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Isoflavones and soyasaponins in the germ of Korean soybean [Glycine max (L.) Merr.] cultivars and their compound-enhanced BMP-2-induced bone formation

Abstract

Soybeans are used worldwide as food and as a healthy ingredient. Specifically, soy germ (SG) has received considerable attention owing to its abundant nutritional and biological components. This study aimed to elucidate the contents of isoflavone and soyasaponin of SG in 24 Korean soybean cultivars and the osteogenic activity of individual compounds. The isoflavone content in the SG ranged from 1110.9 to 3131.1 mg/100 g, and the soyasaponin content in SG ranged from 1173.5 to 3582.3 mg/100 g. The isoflavone and soyasaponin content depended on soybean cultivars. All isoflavone and soyasaponin compounds enhanced bone morphogenetic protein-2-mediated osteoblast differentiation in a dose-dependent manner, especially soyasaponin Ab. In conclusion, our results suggest that Seonpung cultivar with high soyasaponin Ab is beneficial for developing functional materials.

Introduction

Soybeans [Glycine max (L.) Merr.] are cultivated worldwide because they are rich in primary metabolites such as proteins and oils. In addition, soybeans contain many secondary metabolites such as isoflavones, soyasaponins and tocopherols [6]. Soybean seeds structurally consist of the seed coat, cotyledon, and germ [14]. The isoflavone and soyasaponin content of the germ is higher than that of the seed coat and cotyledon [1, 5, 21].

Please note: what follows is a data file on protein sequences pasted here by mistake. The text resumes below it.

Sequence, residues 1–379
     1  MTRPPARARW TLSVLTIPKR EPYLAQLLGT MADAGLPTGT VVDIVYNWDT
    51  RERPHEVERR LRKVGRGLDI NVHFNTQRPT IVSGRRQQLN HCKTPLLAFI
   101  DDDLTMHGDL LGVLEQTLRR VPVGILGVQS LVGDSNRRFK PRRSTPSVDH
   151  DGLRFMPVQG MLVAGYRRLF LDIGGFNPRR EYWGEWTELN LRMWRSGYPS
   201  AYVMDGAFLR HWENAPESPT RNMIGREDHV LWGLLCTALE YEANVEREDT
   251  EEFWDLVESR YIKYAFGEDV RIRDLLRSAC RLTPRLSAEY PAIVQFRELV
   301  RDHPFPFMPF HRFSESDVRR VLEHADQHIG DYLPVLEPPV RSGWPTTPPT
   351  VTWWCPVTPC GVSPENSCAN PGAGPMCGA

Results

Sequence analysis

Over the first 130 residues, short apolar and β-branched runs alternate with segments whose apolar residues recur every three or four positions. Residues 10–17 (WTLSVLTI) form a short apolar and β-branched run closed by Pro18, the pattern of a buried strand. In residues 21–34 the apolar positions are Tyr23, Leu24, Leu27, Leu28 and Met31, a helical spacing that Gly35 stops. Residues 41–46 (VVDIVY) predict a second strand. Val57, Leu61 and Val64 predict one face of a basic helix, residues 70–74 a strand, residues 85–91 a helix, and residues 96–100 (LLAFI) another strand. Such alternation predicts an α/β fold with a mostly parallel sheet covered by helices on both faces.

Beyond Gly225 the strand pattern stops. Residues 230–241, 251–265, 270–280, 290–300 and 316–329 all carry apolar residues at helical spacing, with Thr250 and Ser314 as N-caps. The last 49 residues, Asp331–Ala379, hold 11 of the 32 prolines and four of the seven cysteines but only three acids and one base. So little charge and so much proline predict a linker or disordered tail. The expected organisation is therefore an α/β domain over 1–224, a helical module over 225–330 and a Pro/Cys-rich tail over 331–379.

Isoflavones are divided into aglycones (daidzein, glycitein, and genistein), β-glycoside (daidzin, glycitin, and genistin), acetyl-glycoside (acetyl-daidzin, acetyl-glycitin, and acetyl-genistin), and malonyl-glycosides (malonyl-daidzin, malonyl-glycitin, and malonyl-genistin) [12]. Isoflavones are known to exhibit biological activities such as anti-oxidant, anti-cancer, anti-diabetic, and bone health [4, 16, 20, 22].

Soyasaponins are oleanane-type triterpenoid saponins. Soyasaponins are divided into soyasaponin A group, B group, E group and DDMP group [10, 17, 18]. The compounds of the soyasaponin A group are known to exhibit various biological activities such as bone health, anti-obesity, and anti-oxidant activities [3, 7, 15]; the compounds of the soyasaponin B group are known to exhibit various biological activities such as bone health, anti-inflammatory, anti-cancer, hepatoprotective and renin inhibitory activities [8, 11, 13, 19, 23].

However, until now, the effect of individual isoflavone and soyasaponin compounds on osteoblast differentiation has not been simultaneously studied. Therefore, we determined isoflavone and soyasaponin contents in soy germ (SG) and investigated the effect of isoflavones and soyasaponins on BMP-2-dependent osteoblast differentiation.